We’ve all had them: a flash of inspiration that provides us with a moment of genius and suddenly an idea for a great business surfaces in our consciousness. Great ideas can seemingly come out of nowhere, but what can we do with them once the light bulb has been switched on?
To begin with, understand that in order for your idea to take physical form, no matter what it is, the idea will have to be pitched to various people throughout the life of the business. As the business grows, you must be able to sell the idea to employees, customers, investors, and others in order to support and nurture that growth.
However, sharing your ideas with the world provides the inherent danger that the idea might be stolen from you. Idea theft can be a concern for many business owners, especially those who see seek to gain a competitive advantage by being at the forefront of a given market. There is always the risk that a competitor with deep pockets may take your idea and run with it, leaving you and your business in the dust. While this risk may not ever be completely eliminated, here are 5 things that you can do in order to protect yourself from idea theft:
- Hold your tongue until an NDA is signed. When you first have a great idea, the best thing to do is keep as much about it a secret as you can. If you must talk about the idea to potential clients or investors, only reveal to them what is most necessary. Request they sign an NDA – non-disclosure agreement – prior to your willingness to talk about the idea.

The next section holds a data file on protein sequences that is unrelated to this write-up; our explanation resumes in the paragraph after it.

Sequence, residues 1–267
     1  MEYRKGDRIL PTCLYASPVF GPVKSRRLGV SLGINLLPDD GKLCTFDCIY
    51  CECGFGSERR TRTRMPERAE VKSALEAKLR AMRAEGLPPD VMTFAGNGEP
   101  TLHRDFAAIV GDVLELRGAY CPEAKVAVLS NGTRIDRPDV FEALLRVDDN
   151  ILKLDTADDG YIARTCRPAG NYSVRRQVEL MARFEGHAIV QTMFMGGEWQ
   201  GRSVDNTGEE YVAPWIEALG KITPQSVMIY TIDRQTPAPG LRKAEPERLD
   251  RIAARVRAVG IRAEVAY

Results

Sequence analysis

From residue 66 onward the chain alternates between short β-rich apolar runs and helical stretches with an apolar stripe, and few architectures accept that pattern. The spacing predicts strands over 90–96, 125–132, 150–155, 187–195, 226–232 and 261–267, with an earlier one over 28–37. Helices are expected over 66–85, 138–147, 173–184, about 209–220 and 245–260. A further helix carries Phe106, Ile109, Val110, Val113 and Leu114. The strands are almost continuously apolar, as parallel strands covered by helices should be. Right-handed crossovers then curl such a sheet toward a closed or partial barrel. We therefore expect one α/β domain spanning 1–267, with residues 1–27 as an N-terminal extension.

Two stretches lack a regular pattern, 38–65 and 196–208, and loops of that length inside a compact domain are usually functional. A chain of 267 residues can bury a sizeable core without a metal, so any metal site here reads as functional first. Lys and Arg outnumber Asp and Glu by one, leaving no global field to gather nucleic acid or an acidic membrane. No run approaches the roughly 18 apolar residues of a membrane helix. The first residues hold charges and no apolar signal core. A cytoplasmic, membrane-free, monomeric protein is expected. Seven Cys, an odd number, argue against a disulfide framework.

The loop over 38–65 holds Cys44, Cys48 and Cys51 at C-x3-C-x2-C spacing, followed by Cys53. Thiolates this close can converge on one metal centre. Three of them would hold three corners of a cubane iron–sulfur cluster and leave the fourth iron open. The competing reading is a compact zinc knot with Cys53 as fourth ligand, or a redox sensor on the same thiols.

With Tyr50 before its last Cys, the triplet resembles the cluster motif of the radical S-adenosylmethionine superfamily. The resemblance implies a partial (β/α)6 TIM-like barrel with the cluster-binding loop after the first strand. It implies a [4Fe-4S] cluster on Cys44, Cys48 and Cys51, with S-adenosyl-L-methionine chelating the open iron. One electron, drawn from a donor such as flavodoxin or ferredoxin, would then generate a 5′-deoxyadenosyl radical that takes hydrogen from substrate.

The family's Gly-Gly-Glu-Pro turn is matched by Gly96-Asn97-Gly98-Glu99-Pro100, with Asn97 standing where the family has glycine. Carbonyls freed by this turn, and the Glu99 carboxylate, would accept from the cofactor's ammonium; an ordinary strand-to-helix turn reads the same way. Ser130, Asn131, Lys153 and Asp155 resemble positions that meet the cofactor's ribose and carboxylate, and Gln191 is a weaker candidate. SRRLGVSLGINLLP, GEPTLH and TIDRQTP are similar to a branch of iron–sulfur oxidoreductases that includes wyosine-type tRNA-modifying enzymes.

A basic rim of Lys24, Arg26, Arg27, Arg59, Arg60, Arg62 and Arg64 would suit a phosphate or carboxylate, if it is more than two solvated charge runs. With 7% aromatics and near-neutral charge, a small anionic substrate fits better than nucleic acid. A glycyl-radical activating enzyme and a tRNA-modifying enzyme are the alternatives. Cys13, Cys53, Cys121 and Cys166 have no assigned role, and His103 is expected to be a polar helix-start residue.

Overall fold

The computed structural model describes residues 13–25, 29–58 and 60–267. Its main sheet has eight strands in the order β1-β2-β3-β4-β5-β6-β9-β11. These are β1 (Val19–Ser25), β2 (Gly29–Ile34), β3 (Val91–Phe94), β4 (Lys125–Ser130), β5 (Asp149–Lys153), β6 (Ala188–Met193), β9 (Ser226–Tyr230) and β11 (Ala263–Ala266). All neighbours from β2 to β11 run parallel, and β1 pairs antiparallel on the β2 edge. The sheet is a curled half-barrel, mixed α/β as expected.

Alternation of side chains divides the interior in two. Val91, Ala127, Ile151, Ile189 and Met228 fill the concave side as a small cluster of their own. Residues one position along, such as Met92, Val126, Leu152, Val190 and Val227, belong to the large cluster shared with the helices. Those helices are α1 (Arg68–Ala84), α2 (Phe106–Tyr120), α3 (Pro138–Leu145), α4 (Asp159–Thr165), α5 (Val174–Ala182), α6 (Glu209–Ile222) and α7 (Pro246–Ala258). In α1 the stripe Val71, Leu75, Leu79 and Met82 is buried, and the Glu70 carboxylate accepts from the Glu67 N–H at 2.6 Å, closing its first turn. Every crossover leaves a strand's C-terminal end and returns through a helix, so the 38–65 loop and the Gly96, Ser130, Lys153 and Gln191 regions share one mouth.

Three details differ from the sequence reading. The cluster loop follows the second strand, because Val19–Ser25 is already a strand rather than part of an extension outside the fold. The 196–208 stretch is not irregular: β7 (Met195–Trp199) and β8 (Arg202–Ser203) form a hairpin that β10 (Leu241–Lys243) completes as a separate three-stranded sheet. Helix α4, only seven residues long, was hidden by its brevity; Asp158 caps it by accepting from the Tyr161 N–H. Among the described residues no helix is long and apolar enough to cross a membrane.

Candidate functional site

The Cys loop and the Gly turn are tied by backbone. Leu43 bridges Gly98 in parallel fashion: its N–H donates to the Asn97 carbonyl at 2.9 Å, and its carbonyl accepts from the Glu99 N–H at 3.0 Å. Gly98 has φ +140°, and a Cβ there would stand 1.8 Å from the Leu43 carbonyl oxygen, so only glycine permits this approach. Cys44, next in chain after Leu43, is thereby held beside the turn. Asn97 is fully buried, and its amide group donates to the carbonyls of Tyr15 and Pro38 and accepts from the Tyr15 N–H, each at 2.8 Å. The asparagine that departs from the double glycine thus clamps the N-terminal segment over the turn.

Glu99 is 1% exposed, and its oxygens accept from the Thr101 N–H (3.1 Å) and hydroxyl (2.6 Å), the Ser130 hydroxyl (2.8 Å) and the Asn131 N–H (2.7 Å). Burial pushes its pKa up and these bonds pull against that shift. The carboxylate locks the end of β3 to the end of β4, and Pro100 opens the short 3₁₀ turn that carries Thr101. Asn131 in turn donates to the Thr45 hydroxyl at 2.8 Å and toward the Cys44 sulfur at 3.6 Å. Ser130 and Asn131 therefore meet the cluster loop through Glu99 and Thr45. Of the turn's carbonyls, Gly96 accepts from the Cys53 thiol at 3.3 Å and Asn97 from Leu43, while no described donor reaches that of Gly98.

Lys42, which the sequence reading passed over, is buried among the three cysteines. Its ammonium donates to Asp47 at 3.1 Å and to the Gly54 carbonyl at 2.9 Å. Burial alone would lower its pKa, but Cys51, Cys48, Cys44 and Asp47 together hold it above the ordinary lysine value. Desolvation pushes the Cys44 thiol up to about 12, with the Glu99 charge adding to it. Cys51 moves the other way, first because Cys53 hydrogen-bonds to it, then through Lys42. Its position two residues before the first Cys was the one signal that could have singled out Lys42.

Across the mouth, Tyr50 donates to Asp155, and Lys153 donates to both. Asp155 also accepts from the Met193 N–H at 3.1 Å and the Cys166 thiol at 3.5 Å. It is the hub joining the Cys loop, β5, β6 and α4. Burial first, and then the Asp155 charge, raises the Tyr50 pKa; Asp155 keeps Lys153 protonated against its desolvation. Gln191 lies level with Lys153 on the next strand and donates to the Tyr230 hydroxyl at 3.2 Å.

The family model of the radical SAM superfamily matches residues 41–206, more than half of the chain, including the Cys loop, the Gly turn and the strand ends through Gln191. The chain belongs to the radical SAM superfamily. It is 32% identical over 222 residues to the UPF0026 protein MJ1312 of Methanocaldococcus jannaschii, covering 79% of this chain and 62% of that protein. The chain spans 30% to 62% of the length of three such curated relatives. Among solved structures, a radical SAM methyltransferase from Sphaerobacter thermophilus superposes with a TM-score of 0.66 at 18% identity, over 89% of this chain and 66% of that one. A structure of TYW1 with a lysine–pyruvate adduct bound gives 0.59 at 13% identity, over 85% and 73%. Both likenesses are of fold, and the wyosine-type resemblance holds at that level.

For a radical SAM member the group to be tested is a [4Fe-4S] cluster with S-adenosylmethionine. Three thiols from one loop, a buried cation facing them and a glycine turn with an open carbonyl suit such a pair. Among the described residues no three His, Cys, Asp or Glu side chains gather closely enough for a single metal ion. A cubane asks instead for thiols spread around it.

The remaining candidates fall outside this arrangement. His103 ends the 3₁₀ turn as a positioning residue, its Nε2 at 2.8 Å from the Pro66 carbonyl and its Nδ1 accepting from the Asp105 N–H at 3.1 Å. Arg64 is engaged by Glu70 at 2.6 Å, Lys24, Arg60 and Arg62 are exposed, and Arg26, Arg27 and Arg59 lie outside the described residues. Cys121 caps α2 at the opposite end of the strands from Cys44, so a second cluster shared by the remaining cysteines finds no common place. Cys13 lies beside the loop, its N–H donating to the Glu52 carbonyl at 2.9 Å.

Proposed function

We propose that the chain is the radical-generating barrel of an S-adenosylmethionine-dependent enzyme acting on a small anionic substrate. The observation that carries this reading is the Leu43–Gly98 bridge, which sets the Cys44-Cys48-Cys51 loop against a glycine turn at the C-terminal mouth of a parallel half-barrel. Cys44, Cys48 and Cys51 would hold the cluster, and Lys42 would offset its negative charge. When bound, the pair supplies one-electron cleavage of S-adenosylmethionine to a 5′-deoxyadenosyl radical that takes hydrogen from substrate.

- Get to know who you are talking to. When pitching your idea to anyone, it is always a good plan to research and find out what you can about the people you are dealing with. The more you know, the better you can spot a potential idea thief.
- Use trademarks and patents. This one may be one of the most obvious, but it is none the less still worth mentioning. If you believe you have an idea that a competitor would love to get their hands on, protect it with legal documentation. High level investors will want to see that you have taken time to protect the idea in order to feel safe about their patronage as well.
- Document everything. If you create a paper trail of the idea from conception to realization, this will be a tremendous help to you if the idea in question is ever fought over in a court room. Write down what you can, when you can.
- Listen to your gut. This is the best advice anyone can give you when it comes to the protection of your idea. There will be many crossroads with which you may have some very tough decisions about your idea, but your instincts are always going to be your best ally. You may not make every decision correctly, but listening to your gut will almost always eventually lead you to where you want to go.
To recap, never ask someone to help you or pitch an idea without an NDA, leave a paper trail, and first and foremost, patent or copyright your idea. This is a simple way to ensure that your million-dollar brainstorm does not get “swooped” up by someone with bigger resources than you.